Persistent infections of mammals and mammalian cell cultures with West Nile virus

Shannan Rossi, Peter W. Mason

Research output: Contribution to journalArticle

Abstract

Before 1990, West Nile virus (WNV) was considered to be one of many arthropod-borne viruses that caused mild febrile illness in man. However, in the 1990s, the virus was associated with severe CNS disease that produced mortality in horses and man in Europe. In 1999, WNV was identified as the etiologic agent of an outbreak of human and avian encephalitis in New York City (NY, USA). Like many other Flaviviridae family members, WNV is generally considered to cause acute infections, however, persistent WNV infections have been observed in laboratory-infected animals and in human patients. These persistent infections could be facilitated by changes to the viral genome that allow the virus to evade detection by the host cell, a property that has been studied in cell culture. This review highlights our current knowledge of persistent WNV infections in vitro and in vivo, and speculates on how persistence could influence virus transmission.

Original languageEnglish (US)
Pages (from-to)25-34
Number of pages10
JournalFuture Virology
Volume3
Issue number1
DOIs
StatePublished - Jan 2008

Fingerprint

West Nile virus
Mammals
Cell Culture Techniques
Infection
Virus Diseases
Viruses
Flaviviridae
Arboviruses
Viral Genome
Central Nervous System Diseases
Laboratory Animals
Encephalitis
Horses
Disease Outbreaks
Fever
Mortality

Keywords

  • Adaptive mutations
  • Flavivirus
  • Immune response
  • Pathogenesis
  • Persistence
  • West Nile virus

ASJC Scopus subject areas

  • Virology

Cite this

Persistent infections of mammals and mammalian cell cultures with West Nile virus. / Rossi, Shannan; Mason, Peter W.

In: Future Virology, Vol. 3, No. 1, 01.2008, p. 25-34.

Research output: Contribution to journalArticle

@article{b337816e09604dc4a83c8aa6219f23ae,
title = "Persistent infections of mammals and mammalian cell cultures with West Nile virus",
abstract = "Before 1990, West Nile virus (WNV) was considered to be one of many arthropod-borne viruses that caused mild febrile illness in man. However, in the 1990s, the virus was associated with severe CNS disease that produced mortality in horses and man in Europe. In 1999, WNV was identified as the etiologic agent of an outbreak of human and avian encephalitis in New York City (NY, USA). Like many other Flaviviridae family members, WNV is generally considered to cause acute infections, however, persistent WNV infections have been observed in laboratory-infected animals and in human patients. These persistent infections could be facilitated by changes to the viral genome that allow the virus to evade detection by the host cell, a property that has been studied in cell culture. This review highlights our current knowledge of persistent WNV infections in vitro and in vivo, and speculates on how persistence could influence virus transmission.",
keywords = "Adaptive mutations, Flavivirus, Immune response, Pathogenesis, Persistence, West Nile virus",
author = "Shannan Rossi and Mason, {Peter W.}",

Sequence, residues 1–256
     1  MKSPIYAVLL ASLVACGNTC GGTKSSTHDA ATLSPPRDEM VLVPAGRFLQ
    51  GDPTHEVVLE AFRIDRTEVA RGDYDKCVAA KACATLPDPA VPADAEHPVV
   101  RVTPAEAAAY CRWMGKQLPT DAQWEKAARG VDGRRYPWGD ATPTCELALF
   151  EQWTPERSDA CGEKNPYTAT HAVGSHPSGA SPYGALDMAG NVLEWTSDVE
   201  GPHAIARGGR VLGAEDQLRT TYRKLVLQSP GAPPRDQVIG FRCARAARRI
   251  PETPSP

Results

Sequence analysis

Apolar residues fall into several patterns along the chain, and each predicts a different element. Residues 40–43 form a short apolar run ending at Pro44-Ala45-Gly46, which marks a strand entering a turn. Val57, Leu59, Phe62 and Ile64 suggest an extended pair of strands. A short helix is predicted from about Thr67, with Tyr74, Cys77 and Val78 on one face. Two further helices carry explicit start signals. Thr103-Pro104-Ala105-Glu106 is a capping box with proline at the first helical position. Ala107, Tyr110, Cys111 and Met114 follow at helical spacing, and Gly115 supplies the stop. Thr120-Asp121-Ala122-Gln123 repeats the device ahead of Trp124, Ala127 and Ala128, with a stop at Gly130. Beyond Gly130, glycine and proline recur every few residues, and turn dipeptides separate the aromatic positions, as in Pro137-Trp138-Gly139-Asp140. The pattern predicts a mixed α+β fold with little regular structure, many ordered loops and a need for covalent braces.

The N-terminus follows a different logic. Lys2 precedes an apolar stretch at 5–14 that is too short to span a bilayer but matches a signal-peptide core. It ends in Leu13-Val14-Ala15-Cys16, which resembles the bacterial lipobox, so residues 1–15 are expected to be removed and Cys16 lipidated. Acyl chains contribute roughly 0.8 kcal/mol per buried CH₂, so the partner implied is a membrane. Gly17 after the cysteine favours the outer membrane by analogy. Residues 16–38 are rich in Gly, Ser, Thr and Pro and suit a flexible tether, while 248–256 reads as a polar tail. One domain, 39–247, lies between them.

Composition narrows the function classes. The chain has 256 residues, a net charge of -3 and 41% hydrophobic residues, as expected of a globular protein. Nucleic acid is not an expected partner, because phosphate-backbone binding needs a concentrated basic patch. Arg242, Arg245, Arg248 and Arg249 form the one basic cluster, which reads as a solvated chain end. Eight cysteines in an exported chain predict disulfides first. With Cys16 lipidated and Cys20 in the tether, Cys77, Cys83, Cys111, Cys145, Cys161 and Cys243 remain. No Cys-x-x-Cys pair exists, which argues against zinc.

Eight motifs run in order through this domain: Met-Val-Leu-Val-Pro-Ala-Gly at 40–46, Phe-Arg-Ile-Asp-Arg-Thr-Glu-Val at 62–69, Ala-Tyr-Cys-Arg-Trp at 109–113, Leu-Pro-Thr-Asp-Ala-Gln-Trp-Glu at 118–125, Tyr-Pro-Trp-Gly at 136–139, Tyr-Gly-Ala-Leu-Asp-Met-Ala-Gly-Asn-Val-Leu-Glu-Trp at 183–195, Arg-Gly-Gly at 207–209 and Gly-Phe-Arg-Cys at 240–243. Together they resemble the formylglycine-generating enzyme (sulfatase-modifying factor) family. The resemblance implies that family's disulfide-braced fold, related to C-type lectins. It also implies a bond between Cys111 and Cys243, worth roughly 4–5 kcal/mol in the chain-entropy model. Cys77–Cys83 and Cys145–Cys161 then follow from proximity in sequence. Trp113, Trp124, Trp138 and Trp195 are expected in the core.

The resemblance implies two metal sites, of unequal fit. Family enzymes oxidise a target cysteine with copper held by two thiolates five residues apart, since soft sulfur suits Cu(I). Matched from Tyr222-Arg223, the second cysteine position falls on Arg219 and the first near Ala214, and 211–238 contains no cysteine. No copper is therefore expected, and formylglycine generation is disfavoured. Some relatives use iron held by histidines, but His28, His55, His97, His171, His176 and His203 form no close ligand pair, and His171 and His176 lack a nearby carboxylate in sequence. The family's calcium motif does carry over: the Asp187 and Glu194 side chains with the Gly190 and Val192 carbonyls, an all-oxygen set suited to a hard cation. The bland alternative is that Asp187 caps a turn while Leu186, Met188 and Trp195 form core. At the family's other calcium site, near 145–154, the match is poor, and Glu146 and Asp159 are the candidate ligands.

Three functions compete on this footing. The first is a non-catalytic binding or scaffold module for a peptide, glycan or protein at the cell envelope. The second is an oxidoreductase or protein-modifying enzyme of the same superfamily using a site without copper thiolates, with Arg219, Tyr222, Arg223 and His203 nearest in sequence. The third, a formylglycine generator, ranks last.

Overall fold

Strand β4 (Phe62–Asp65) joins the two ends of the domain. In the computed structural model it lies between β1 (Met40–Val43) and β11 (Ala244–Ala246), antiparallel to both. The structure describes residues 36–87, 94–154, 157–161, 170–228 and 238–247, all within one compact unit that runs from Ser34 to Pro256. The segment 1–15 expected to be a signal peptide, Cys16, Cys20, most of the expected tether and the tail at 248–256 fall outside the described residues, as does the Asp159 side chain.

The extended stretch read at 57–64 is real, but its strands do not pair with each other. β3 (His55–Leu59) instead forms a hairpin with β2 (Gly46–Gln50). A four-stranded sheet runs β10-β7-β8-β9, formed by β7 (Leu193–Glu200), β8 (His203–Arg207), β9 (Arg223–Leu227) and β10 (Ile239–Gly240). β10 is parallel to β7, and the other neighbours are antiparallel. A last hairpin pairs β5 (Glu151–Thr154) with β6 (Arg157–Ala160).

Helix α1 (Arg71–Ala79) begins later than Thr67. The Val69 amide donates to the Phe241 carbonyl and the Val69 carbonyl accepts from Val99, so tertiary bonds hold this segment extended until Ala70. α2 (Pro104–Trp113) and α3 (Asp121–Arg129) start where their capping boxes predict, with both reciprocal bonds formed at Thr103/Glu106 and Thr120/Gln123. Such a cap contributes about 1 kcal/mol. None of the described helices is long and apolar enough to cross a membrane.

year = "2008",
month = "1",
doi = "10.2217/17460794.3.1.25",
language = "English (US)",
volume = "3",
pages = "25--34",
journal = "Future Virology",
issn = "1746-0794",
publisher = "Future Medicine Ltd.",
number = "1",

}

TY - JOUR

T1 - Persistent infections of mammals and mammalian cell cultures with West Nile virus

AU - Rossi, Shannan

AU - Mason, Peter W.

PY - 2008/1

Y1 - 2008/1

N2 - Before 1990, West Nile virus (WNV) was considered to be one of many arthropod-borne viruses that caused mild febrile illness in man. However, in the 1990s, the virus was associated with severe CNS disease that produced mortality in horses and man in Europe. In 1999, WNV was identified as the etiologic agent of an outbreak of human and avian encephalitis in New York City (NY, USA). Like many other Flaviviridae family members, WNV is generally considered to cause acute infections, however, persistent WNV infections have been observed in laboratory-infected animals and in human patients. These persistent infections could be facilitated by changes to the viral genome that allow the virus to evade detection by the host cell, a property that has been studied in cell culture. This review highlights our current knowledge of persistent WNV infections in vitro and in vivo, and speculates on how persistence could influence virus transmission.

AB - Before 1990, West Nile virus (WNV) was considered to be one of many arthropod-borne viruses that caused mild febrile illness in man. However, in the 1990s, the virus was associated with severe CNS disease that produced mortality in horses and man in Europe. In 1999, WNV was identified as the etiologic agent of an outbreak of human and avian encephalitis in New York City (NY, USA). Like many other Flaviviridae family members, WNV is generally considered to cause acute infections, however, persistent WNV infections have been observed in laboratory-infected animals and in human patients. These persistent infections could be facilitated by changes to the viral genome that allow the virus to evade detection by the host cell, a property that has been studied in cell culture. This review highlights our current knowledge of persistent WNV infections in vitro and in vivo, and speculates on how persistence could influence virus transmission.

KW - Adaptive mutations

KW - Flavivirus

KW - Immune response

KW - Pathogenesis

KW - Persistence

KW - West Nile virus

UR - http://www.scopus.com/inward/record.url?scp=38049184463&partnerID=8YFLogxK

UR - http://www.scopus.com/inward/citedby.url?scp=38049184463&partnerID=8YFLogxK

U2 - 10.2217/17460794.3.1.25

DO - 10.2217/17460794.3.1.25

M3 - Article

AN - SCOPUS:38049184463

VL - 3

SP - 25

EP - 34

JO - Future Virology

JF - Future Virology

SN - 1746-0794

IS - 1

ER -